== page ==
How healthcare has gone digital (and how this impacts staffing)
One of the defining trends to emerge from the coronavirus pandemic response was the rapid adoption of digital technologies. Digital technologies were used to continue routine care and ensure patients felt safe. It also meant that people didn’t have to attend a healthcare setting unless they absolutely had to.
Widespread digital transformation
As the director of international relations at NHS Confederation, Dr. Layla McCay, explains, “One of the more remarkable features of the NHS’s response to the coronavirus pandemic has been its rapid uptake of technology in the UK.” She states that the country experienced near-instant digital innovation that otherwise may have taken years. These included the implementation of remote working platforms, shared care record projects, and virtual clinics.
Likewise, this was seen across Europe, with the Dutch Government collaborating with Philips to create an online portal to securely exchange COVID-19 patient data. This allowed patients to be moved safely across different care settings to balance capacity. 95% of Dutch hospitals signed up for the service within weeks. Meanwhile, the Regional Health Command Europe implemented a secure messaging service that enabled patients to talk privately with healthcare professionals for non-emergency advice, to renew prescriptions, and to request appointments and referrals.
Transformation to continue
Many healthcare professionals wish to see this digital transformation continue. The UK’s Royal College of GPs, for example, acknowledged the “remarkable” role technology played during the pandemic in its new report ‘General practice in a post-Covid world’. The report asks the UK Government to continue investing in digital tools - and skills - in the NHS. This includes wider infrastructure requirements such as high-speed broadband in rural areas.
The benefits of using technology
The benefits of digitizing the healthcare sector are undeniable. Not only does it increase access to care for those unable to attend a healthcare setting in-person, but it can also streamline processes, improve costs, and increase workforce agility.
Automation, for instance, will free workers up for more value-added, human tasks like connecting with patients and their families. Mundane, time-consuming activities can be completed through automation, leaving healthcare professionals more challenged and satisfied by their work.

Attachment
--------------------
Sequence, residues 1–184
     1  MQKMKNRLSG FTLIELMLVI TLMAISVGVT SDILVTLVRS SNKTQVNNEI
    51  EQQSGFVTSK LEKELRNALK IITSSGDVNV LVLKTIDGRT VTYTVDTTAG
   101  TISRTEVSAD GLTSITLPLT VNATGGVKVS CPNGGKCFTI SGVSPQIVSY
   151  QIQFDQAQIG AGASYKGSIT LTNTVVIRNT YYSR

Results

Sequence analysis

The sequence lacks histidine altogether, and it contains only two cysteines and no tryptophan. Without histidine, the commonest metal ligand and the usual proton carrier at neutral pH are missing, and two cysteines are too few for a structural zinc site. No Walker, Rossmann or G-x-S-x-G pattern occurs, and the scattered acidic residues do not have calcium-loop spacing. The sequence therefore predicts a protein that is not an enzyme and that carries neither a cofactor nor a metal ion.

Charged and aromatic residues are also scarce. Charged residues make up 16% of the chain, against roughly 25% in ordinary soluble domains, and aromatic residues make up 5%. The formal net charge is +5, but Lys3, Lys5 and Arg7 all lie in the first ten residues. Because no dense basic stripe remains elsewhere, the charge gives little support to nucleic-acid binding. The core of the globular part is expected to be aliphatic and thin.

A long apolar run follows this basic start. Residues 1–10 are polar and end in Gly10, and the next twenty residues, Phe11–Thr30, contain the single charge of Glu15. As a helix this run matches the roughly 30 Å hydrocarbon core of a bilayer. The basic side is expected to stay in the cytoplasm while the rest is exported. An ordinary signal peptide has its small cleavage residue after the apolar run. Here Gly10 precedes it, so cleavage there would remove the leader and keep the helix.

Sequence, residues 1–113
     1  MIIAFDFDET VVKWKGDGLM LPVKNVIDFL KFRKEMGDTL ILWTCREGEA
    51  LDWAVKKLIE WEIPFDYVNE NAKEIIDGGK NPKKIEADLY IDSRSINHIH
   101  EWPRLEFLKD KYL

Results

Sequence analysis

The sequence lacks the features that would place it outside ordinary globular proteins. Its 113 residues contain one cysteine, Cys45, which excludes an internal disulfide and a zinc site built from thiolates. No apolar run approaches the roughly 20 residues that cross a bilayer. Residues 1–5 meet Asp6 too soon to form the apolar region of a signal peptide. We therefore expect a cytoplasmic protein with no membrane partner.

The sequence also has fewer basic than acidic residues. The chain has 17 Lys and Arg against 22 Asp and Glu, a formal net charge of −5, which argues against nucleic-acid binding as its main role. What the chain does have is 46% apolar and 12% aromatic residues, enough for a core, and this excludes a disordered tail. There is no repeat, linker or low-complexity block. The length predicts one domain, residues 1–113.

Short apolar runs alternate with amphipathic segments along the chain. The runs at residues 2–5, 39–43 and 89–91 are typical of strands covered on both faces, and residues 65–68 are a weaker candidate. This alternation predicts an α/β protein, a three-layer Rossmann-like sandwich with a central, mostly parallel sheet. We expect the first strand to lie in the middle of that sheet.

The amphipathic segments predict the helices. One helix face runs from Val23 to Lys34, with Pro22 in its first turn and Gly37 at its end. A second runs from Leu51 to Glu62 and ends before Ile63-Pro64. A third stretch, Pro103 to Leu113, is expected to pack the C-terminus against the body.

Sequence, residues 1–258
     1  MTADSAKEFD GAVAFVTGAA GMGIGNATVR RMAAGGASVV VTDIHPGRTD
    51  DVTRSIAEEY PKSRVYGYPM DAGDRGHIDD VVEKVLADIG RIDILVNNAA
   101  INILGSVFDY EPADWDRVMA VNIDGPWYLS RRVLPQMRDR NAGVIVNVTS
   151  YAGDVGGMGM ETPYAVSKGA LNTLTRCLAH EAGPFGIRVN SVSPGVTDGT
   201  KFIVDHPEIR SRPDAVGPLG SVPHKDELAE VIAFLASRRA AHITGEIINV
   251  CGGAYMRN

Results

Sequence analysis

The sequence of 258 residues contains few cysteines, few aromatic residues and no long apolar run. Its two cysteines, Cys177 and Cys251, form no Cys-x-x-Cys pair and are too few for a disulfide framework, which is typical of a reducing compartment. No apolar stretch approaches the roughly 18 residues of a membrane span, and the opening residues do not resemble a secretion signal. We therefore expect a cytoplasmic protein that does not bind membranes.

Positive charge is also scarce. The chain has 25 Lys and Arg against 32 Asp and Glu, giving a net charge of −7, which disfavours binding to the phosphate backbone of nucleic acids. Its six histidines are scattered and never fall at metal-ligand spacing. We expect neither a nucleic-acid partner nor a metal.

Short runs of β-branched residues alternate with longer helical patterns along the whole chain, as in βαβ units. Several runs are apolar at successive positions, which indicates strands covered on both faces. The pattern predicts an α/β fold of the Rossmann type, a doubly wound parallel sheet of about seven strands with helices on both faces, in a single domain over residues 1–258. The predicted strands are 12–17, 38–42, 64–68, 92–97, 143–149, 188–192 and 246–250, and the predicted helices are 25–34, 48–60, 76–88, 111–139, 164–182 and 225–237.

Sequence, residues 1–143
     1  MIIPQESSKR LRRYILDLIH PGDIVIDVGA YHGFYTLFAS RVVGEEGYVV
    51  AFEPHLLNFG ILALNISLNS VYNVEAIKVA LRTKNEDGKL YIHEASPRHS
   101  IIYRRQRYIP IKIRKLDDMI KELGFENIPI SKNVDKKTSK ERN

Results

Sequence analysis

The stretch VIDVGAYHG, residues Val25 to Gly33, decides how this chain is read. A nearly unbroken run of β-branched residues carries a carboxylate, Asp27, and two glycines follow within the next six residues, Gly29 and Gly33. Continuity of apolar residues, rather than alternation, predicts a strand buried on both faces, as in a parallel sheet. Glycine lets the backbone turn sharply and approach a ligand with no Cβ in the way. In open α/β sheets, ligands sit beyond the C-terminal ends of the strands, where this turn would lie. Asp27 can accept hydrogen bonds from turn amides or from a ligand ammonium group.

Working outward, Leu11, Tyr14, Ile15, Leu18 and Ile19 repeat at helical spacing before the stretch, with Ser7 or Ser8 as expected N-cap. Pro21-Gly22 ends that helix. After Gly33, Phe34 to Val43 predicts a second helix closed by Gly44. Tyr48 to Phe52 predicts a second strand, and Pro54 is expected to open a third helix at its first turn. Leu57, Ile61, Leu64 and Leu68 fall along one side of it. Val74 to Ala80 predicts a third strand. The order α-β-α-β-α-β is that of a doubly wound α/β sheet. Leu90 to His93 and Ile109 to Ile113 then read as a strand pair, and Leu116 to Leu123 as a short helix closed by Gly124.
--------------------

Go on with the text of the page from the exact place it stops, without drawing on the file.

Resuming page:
Sharing patient data across healthcare organizations can improve patient care and outcomes, as well as contribute invaluable insights to research. One UK-based primary care setting uses data to improve the patient experience for vulnerable, homeless adults. Instead of repeating their complex, emotional medical history with every new referral, patients can choose to opt-into the service that brings professionals up-to-date with their latest concerns, diagnoses, and care.
Changing talent needs
Of course, with this transformation of healthcare services, comes a unique pressure on healthcare professionals to adapt to new roles - with new skill requirements. Healthcare organizations will have to re-assess their workforce skills and plug any skill gaps that may hinder progress. Many digital transformation strategies fail due to a lack of skills with four-in-ten organizations stating that they lack the required skills in-house to invest in innovative technologies.
To obtain much-needed skills, organizations will have to be creative. The healthcare sector faces widening skills shortages and there are not enough permanent hires available to plug this gap. Instead, more organizations will turn to alternative talent pools, such as on-demand, contingent talent. Collaboration across other sectors may also arise, such as staff sharing agreements between the technology and healthcare sectors.
The digital progress made during the coronavirus pandemic will only accelerate as the healthcare sector faces new opportunities and challenges. The aging population across many parts of the world (including Europe, the U.S, and the UK) will put additional pressure on healthcare systems - and many will turn to automation and other efficiencies as a result. Indeed, the global AI in healthcare market is expected to grow 44.9% from 2020 to 2026.
As the sector evolves, so too with the type of work that healthcare professionals are asked to complete. It’s worth getting ahead of this now, by understanding the changing skill requirements in your organization, identifying digital skill gaps, and acquiring those skills through permanent and contingent staffing. Otherwise, any technological advances made in 2020 will be undone in 2021.
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